About ROTC

Army ROTC produces high quality Officers to serve in the United States Army. It is also a college elective students may try out for up to two years with no obligation.

Cadets on run at night

Unlike traditional college courses, Army ROTC gives you a wide range of experiences while you work toward a degree.

You'll combine classroom instruction with practical experience, learning skills that are sure to give you an edge over your peers when it comes time to look for a job.

Whether you're planning a career in the Army or the corporate world, Army ROTC is a smart elective course to take.

Additionally, Seattle University's ROTC Battalion has consistently been ranked in the top 10% of the 272 College ROTC programs across the nation. 

Here we provide information for different students, including those entering right out of high school; how college second year students can find their place in Army ROTC; the opportunities to combine prior military service with your current college degree plans; and the Simultaneous Membership Program (SMP) for National Guard and United States Army Reserve Students.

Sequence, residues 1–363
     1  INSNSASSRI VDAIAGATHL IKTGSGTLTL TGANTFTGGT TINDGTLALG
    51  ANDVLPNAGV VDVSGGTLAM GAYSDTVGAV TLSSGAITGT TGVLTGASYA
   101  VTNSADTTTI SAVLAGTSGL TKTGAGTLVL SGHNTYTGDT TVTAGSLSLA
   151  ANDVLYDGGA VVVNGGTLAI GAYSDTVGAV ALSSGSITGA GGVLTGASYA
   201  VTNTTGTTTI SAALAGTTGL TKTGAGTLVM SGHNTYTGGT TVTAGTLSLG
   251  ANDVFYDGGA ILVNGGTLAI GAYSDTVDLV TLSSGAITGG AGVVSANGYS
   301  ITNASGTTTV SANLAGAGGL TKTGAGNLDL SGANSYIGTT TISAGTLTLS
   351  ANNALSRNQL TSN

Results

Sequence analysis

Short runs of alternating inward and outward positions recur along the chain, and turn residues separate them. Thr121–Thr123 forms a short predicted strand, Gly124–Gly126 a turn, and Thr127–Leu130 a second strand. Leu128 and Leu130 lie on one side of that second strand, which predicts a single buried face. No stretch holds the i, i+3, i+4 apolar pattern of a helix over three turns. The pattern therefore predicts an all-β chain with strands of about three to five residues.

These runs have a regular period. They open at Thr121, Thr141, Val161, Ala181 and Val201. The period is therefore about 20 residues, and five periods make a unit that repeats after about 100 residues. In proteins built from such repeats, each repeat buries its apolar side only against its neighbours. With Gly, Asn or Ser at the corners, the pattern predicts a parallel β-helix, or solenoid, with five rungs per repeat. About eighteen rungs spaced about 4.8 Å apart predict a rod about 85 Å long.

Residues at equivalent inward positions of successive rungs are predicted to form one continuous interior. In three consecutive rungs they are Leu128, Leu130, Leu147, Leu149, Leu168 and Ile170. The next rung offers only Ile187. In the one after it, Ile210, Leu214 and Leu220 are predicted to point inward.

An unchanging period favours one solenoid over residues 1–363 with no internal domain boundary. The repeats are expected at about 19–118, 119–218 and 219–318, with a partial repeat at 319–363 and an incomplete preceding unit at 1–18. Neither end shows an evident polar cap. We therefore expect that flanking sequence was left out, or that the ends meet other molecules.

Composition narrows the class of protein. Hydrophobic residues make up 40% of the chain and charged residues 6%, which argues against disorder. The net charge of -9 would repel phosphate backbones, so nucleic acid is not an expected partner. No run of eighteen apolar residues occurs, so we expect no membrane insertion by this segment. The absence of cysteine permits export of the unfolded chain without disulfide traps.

ROTC consists of the Basic Course (first year and second year), which is the primary basis for entry into the Advanced Course (third year and fourth year), and the Advanced Course leads directly to service as an Army Officer. At the end of the second year, students who wish to enter the Advanced Course, but did not complete the Basic Course may attend the Cadet Initial Entry Training (CIET) and receive Basic Course credit. Basic Course credit is also given to students with prior military service, whether Active-Duty, National Guard or Reserve, who have completed Basic and Advanced Individual training. 

The Basic Course is designed for beginning students who want to qualify for entry into the Advanced Course and for those who want to try Military Science without obligation. You will learn basic military skills, the fundamentals of leadership, organization, and management, which will lay the groundwork toward becoming an Army leader. In addition to the Military Science classes, we offer the opportunity to participate in organized physical training (PT), Leadership Excellence Orientation Labs at Joint Base Lewis-McChord, WA, and other challenging extracurricular activities.